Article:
In what’s being spun as Google taking control of its mobile operating system, the company has allegedly put carriers and manufacturers on notice: no more screwing with the Android experience. If you do, you stand to be cut out of “most favored nation” status, which may lead to delays in Android updates (hard to imagine that getting worse) or possible exclusion from Android’s early-access program entirely, a dick move that would essentially render an Android device (more) DOA in a market where product turns over every month. Because the rhetoric seemed to work so well for Apple – even though its the antithesis of the “open source” talking point Andy Rubin has been chatting up – the move is designed to protect consumers against fragmentation. But Android is all about “open”. Unless you’re a tablet maker. Or a phone maker/carrier who doesn’t play ball by Mountain View’s rules.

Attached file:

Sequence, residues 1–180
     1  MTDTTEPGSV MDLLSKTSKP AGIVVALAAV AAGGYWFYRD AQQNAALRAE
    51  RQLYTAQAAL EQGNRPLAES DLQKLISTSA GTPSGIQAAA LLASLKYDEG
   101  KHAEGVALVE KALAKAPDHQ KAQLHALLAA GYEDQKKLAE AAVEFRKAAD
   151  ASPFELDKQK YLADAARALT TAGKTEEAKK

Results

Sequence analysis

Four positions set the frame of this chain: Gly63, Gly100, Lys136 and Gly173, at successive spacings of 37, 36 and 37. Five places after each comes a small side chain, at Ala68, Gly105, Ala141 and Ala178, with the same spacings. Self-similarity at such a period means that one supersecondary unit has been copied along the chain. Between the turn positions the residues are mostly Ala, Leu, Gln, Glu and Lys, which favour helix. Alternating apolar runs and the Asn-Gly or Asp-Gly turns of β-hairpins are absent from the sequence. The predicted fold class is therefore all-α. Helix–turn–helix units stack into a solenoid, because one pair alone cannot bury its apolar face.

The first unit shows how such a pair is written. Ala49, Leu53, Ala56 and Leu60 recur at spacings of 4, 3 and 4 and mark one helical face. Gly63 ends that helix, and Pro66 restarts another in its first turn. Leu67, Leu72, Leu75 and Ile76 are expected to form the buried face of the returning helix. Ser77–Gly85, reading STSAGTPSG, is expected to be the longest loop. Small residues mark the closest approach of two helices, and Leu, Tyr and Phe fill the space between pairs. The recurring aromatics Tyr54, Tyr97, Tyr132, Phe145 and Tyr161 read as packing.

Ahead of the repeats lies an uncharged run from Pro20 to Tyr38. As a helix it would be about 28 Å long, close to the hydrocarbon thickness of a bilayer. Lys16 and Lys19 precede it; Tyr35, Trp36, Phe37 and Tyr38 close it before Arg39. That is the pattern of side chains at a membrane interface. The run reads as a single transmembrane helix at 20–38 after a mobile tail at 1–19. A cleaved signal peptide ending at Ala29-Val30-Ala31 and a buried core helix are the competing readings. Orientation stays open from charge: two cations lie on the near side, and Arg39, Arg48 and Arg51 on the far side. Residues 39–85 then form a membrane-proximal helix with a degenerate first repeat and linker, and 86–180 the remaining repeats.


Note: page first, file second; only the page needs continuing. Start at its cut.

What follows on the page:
Google certainly has a fragmentation problem, although they’ve always been quick to point out that it hasn’t had any effect on Android’s market share growth. So why now? Silly carriers/manufacturers. When Android was the only thing resembling an iPhone in the AT&T-exclusive years, Google couldn’t care less what you did with their OS as long as most of its search and services were getting into the hands of consumers. But now that it has a mobile OS with decent market share? Savor the taste of that hook, suckers. It’s going to sting a little as Google pulls your devices into the black hole of commoditization – all the while making billions of dollars regardless of which of your cookie-cutter Android phones consumers end up using. Try to differentiate your offerings too much and your end will come even sooner.
TMA’s only remaining question is for Andy Rubin: is Android still “mkdir android ; cd android ; repo init -u git://android.git.kernel.org/platform/manifest.git ; repo sync ; make” or are you going to cut the shit already?